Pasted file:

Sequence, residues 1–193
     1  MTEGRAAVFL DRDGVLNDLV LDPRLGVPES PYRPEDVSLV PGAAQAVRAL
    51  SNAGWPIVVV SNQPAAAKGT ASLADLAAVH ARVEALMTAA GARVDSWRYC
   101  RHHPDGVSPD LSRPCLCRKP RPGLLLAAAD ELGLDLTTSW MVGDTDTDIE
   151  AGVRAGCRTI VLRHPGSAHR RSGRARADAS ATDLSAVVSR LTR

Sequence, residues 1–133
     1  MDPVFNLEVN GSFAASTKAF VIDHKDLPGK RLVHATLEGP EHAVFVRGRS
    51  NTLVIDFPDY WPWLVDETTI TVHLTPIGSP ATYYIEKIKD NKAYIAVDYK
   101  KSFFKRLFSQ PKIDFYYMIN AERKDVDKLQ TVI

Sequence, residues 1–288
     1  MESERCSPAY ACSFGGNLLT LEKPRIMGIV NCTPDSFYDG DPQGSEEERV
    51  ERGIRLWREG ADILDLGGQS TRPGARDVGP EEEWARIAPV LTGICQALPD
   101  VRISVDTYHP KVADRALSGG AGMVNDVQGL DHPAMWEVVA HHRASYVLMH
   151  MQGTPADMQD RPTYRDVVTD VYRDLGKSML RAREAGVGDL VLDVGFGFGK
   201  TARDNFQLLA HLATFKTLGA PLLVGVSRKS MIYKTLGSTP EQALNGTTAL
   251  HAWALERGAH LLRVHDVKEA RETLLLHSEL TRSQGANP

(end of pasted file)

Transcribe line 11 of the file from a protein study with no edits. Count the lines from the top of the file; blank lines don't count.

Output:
     1  MESERCSPAY ACSFGGNLLT LEKPRIMGIV NCTPDSFYDG DPQGSEEERV